It probably dates back to the Victory Gardens, or even before, that suburban gardeners have unspoken competitions as to who would get that first ripe tomato.
For us country dwellers, it is more a matter of feeding the need to taste a sun ripened tomato again ASAP that drives us to find ways to make that a reality.
Here are a few things you can do to make it happen in your garden.
1. Starting Seeds Indoors
It is really easy to start your own seeds, and there is a lot of help online to make your efforts more successful. Usually you start 6-8 weeks before your last spring frost date, by starting sooner you can get results earlier. Keep in mind that with most tomato varieties you will need to use at least one additional method to protect those seedlings.
2. Season Extenders
These can range from a simple inverted liter soda bottle to more elaborate cold frames, row covers, and even greenhouses. What you choose depends on your budget mostly, but also on how much you want to extend the season. Wall O' Waters are relatively inexpensive and a very effective tool, plus they last for years. You can use clear plastic garbage bags or commercial plastic, just be sure it doesn't touch the plants.
Clear plastic can also be used to warm up your soil sooner, a good idea if you are trying your hand at planting out earlier, most tomatoes need warm enough soil to thrive.
3. Patio Varieties
If size doesn't matter to you, consider trying patio tomatoes. Larger than cherry types but smaller than full size tomatoes, these container friendly varieties can be brought indoors if frost threatens. Time them accordingly, but you should be able to get at least a few weeks on the season. If a Wall O' Water fits your container, even better.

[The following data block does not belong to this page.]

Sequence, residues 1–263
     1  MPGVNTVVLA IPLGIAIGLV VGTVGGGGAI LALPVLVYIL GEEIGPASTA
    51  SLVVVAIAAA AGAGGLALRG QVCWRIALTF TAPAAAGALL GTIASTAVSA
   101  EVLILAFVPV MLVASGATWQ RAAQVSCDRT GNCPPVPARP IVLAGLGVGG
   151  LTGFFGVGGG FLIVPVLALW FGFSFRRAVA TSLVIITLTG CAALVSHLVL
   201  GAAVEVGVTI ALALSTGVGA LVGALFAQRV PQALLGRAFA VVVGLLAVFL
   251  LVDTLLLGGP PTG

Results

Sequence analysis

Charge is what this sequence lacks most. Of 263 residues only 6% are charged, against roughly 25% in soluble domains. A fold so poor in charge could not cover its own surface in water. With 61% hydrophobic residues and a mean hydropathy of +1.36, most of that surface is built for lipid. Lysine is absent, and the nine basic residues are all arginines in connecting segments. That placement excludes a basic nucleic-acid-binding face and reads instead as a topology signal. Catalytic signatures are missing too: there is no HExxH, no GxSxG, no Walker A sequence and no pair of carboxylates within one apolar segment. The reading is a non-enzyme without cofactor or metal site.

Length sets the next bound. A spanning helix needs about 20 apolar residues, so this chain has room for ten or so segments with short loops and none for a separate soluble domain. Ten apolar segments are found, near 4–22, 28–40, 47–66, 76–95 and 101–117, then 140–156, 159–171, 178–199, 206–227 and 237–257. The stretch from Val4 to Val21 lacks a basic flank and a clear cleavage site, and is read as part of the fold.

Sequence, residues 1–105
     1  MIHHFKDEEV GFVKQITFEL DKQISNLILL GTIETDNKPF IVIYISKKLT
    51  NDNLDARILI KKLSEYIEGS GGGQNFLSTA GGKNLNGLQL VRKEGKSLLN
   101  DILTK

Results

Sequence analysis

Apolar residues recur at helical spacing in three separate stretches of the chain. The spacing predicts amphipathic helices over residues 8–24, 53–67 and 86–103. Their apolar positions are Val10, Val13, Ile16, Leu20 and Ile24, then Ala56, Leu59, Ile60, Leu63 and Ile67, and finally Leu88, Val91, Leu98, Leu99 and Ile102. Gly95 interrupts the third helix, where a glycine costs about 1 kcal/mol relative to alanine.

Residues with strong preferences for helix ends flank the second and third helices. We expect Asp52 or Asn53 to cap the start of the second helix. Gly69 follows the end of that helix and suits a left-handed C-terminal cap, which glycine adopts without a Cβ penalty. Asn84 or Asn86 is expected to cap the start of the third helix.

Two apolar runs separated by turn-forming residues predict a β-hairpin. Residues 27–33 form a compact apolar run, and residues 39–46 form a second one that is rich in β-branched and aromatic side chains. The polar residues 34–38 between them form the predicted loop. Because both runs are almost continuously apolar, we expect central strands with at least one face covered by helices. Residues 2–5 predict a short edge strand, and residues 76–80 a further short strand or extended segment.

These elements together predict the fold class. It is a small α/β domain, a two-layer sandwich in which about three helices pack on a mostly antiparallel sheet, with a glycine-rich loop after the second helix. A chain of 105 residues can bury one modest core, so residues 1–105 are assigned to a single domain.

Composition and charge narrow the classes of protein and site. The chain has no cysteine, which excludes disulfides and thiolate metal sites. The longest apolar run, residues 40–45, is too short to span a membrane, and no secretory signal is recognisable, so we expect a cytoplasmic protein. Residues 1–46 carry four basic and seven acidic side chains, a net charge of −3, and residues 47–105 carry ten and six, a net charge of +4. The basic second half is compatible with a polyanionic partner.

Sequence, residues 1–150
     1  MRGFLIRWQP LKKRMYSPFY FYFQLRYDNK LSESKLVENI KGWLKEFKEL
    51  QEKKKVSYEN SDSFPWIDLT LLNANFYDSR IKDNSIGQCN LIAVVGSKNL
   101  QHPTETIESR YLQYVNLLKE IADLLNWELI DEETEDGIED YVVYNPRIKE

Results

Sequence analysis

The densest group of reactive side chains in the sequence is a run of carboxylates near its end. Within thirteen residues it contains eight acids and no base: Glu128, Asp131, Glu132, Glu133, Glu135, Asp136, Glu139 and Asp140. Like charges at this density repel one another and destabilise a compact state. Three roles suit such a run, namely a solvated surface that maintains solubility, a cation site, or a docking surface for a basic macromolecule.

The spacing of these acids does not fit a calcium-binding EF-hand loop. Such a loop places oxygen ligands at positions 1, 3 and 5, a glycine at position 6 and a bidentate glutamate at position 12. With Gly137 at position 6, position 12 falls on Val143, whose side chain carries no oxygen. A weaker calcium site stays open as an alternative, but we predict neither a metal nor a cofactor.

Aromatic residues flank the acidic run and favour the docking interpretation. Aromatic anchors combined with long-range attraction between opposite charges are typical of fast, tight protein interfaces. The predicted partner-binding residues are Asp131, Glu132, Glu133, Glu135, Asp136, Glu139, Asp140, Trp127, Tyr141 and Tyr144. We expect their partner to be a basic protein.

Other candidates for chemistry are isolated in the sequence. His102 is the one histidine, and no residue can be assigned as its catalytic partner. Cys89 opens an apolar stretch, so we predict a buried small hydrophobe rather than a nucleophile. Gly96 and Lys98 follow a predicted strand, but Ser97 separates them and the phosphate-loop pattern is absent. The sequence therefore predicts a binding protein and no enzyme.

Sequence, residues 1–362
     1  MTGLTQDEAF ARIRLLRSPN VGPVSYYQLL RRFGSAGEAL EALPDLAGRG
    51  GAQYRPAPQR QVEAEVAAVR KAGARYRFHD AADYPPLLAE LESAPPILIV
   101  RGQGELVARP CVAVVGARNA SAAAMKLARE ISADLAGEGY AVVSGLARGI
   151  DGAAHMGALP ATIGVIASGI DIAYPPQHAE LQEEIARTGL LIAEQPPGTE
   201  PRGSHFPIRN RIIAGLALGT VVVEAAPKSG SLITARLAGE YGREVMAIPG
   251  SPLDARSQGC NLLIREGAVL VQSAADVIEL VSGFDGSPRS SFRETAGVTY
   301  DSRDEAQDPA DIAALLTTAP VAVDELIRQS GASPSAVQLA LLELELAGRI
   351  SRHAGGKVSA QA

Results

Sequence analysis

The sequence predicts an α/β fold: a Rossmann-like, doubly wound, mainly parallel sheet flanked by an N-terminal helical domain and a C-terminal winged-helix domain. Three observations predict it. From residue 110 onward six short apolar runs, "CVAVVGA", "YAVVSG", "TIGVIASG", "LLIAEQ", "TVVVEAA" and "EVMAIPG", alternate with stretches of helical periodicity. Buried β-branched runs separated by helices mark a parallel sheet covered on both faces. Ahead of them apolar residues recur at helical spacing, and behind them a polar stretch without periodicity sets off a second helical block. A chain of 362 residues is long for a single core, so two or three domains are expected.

4. Grow Oregon Spring or Legend Tomatoes
These varieties were developed by Oregon State University through normal plant breeding to be exceptionally cold tolerant. They can be planted outside as much as a month before the last spring frost. Barring a very hard frost, they can take the cold with out additional protection. They produce a nice tomato too.
So here's our plan:
We have started seeds indoors for Oregon Spring and 2 types of Patio Tomatoes. We will use clear plastic to get our bed ready for the Oregon Spring, and will be transplanting the Patio Tomatoes in the greenhouse. If we didn't have that, we would use Wall O' Waters.
We expect to get tomatoes more than a month sooner than we usually do.
One year we actually had some in mid-June, where late July to early August is the norm.
Can we get them even earlier than that?
We'll keep you posted.